Updated: Oct 20, 2022
Many skis we service have suffered damage from overheating while waxing. Your goal when ironing paraffin wax is to apply just enough heat that wax absorbs into base. The most common problem we see is swelling cores that leave the ski structurally intact but base high to a degree that we cannot safely grind it fully flat. Red foam core skis made in Scandinavia are notoriously prone to swelling. (Some simple math: Your bases are around 1mm thick, if you cook your Madshus and the center swells up .8 mm then you only have .2mm of base left if we make ski flat).
Below is a photo of a segment of a swelled core ski damaged from overheating
Simple "Do's and Don'ts" for ironing your skis
Don't, don't (Puleeze DON'T!!)
Move the iron back and forth in repeated short segments down the length of the ski. Ironing this way guarantees you will have overlapping spots on the base where you apply significantly more heat.
Iron in single, continuous strokes from tip to tail. Make multiple passes on a ski to fully heat the base and wax. Adjust how fast you move the iron to control how much heat you apply and monitor by observing the trail of molten wax behind the iron. Watch for "dry spots" where the molten wax seems to be repelled indicating sealed polyethylene. Thinner areas at tip and tail might heat quicker and you can move iron faster while slowing in middle of ski.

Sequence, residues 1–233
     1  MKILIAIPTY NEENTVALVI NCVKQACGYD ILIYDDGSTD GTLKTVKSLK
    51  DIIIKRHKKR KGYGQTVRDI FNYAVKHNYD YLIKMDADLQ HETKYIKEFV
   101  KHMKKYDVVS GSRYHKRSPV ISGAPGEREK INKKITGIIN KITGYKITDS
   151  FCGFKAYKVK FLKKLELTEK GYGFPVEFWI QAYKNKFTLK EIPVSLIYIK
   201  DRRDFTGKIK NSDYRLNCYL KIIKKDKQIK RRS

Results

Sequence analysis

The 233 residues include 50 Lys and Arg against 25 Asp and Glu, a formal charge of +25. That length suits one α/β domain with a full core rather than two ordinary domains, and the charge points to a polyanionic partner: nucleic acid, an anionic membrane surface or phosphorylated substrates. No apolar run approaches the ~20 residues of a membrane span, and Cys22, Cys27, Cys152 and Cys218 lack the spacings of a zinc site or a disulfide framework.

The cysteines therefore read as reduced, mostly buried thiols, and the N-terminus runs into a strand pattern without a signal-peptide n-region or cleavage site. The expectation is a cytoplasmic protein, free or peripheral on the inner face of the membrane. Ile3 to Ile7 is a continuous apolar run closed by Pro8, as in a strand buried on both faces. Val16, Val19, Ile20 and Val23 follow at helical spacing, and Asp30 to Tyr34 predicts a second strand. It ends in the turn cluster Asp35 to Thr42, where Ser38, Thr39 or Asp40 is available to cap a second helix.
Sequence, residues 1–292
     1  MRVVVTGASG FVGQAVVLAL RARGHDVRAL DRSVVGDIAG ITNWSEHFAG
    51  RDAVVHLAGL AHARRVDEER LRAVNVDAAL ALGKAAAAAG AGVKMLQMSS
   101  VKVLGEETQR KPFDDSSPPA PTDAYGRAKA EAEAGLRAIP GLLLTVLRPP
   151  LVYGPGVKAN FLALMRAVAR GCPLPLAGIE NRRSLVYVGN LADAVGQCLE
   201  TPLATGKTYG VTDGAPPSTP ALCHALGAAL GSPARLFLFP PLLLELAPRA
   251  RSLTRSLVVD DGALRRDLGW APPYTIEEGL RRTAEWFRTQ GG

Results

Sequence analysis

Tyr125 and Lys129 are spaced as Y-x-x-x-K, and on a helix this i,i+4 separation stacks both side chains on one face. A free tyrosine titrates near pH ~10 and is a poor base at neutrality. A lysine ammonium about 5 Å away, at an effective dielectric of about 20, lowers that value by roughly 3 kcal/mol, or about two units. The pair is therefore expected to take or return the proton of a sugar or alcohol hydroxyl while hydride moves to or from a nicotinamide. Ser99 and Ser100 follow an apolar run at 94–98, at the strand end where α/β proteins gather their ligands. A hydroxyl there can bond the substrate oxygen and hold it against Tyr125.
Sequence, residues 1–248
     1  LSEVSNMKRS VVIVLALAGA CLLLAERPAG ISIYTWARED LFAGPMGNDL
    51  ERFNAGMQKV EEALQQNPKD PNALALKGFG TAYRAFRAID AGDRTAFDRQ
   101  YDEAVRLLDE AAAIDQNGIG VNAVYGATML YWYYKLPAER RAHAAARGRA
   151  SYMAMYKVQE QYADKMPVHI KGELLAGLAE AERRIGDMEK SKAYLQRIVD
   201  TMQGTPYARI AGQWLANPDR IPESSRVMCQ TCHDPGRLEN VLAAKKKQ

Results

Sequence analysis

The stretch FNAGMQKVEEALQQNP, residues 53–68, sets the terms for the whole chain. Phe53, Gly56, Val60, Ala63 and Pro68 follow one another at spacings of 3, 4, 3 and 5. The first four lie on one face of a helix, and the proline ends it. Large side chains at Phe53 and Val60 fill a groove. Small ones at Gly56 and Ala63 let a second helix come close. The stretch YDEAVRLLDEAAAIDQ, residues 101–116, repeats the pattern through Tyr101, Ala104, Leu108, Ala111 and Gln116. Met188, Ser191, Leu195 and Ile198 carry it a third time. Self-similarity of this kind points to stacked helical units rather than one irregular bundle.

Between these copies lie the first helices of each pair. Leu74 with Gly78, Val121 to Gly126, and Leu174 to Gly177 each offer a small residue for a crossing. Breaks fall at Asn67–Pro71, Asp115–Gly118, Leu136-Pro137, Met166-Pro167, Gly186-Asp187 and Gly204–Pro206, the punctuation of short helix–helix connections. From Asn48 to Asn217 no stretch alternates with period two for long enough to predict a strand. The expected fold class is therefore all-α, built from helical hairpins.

Sometimes a ski will subtly crown while heated and be temporarily base high. If you just iron right down middle of ski the crowned base will cause you to put more heat in center section of ski and less on edges. To deal with this I like to iron in 3's First ironing pass, iron centered on ski Second pass iron centered near one edge Third pass iron centered on the other edge
Don't iron the ski while compressed and locked down in your ski vise. Some ski materials are thermoactive and simultaneous heating and bending may alter camber and flex characteristics or degrade laminations.
Above are simple steps you can take to preserve and extend the life of your skis. I've repeatedly seen easily avoidable, nasty damage to skis that was completely unnecessary. (Entire bottom of a ski covered in golf ball like dimples where the base was effectively melted into the honeycomb core springs to mind as one example...)